If you try the code above, you will see the following:

5            Name  Category
Index
0         Adult         5
7         Album         5
14     Backpack         5
21          Bed         5
22          Bed         5
45        Chess         5
8             Name  Category
Index
1      Aeroplane         8
15       Balloon         8
19      Bathroom         8
34         Brain         8
47         Chief         8
48         Child         8

...
...

There are two issues with that: First the categories (the indices are, but just by chance) are not ordered, and second, we still have a Pandas data type (each of these little tables is a pandas DataFrame), which we can’t easily pass into our jinja template. Therefore, we need to convert the DataFrames to dictionaries. As we want to use the index as dictionary key we need to transpose (flip rows and cols) before we do that:

 for cat in categories:
     print(cat, product_data[product_data['Category']==cat].T.to_dict())
 

The output looks exactly as we want:

 5 {0: {'Name': 'Adult', 'Category': 5}, 21: {'Name': 'Bed', 'Category': 5}, 22: {'Name': 'Bed', 'Category': 5}, 7: {'Name': 'Album', 'Category': 5}, 45: {'Name': 'Chess', 'Category': 5}, 14: {'Name': 'Backpack', 'Category': 5}}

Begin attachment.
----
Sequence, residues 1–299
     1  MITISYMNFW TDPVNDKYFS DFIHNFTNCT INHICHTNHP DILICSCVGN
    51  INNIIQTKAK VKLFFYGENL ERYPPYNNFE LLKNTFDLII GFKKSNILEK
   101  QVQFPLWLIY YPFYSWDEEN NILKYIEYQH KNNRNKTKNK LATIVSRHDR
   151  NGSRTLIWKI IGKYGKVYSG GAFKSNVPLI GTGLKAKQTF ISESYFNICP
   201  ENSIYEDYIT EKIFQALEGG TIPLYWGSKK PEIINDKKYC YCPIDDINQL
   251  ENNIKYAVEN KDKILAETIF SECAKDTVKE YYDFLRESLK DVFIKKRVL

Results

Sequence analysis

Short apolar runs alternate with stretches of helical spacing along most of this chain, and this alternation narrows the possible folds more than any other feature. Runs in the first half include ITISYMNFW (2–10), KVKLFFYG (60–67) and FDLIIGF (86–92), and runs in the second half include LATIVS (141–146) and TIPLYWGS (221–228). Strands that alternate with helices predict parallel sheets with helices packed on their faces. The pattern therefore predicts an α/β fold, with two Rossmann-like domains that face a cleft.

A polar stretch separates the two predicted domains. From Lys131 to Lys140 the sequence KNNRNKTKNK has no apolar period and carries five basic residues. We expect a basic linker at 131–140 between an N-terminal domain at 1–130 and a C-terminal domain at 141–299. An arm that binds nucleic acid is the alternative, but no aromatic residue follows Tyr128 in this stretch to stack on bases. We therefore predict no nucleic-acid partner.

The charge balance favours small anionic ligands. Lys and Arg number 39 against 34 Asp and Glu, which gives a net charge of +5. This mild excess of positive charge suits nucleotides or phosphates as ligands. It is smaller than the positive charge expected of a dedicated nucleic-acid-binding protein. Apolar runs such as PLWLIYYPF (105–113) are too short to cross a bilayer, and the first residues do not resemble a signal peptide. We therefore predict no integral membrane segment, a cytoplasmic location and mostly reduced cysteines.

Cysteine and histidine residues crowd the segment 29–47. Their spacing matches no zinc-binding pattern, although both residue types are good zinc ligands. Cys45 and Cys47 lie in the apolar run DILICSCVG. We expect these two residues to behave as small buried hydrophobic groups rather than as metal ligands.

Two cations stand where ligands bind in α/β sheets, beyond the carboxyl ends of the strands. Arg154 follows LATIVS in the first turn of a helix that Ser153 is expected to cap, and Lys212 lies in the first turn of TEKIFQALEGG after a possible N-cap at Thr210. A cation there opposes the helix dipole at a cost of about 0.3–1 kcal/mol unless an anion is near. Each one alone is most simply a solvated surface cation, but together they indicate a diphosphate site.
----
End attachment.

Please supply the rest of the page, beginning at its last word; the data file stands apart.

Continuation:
8 {48: {'Name': 'Child', 'Category': 8}, 1: {'Name': 'Aeroplane', 'Category': 8}, 34: {'Name': 'Brain', 'Category': 8}, 19: {'Name': 'Bathroom', 'Category': 8}, 15: {'Name': 'Balloon', 'Category': 8}, 47: {'Name': 'Chief', 'Category': 8}}
1 {24: {'Name': 'Bible', 'Category': 1}, 2: {'Name': 'Air', 'Category': 1}, 3: {'Name': 'Aircraft', 'Category': 1}, 4: {'Name': 'Carrier', 'Category': 1}, 31: {'Name': 'Bowl', 'Category': 1}}

Let’s put it all in one expression and store it:

nested_product_list = {k:product_data[product_data['Category']==k].T.to_dict() for k in categories}

I used a nice dictionary comprehension for that. Now we can iterate over nested_product_list to get the items for each category and then over each dictionary value to get the individual products. Their properties can then be accessed as a dictionary.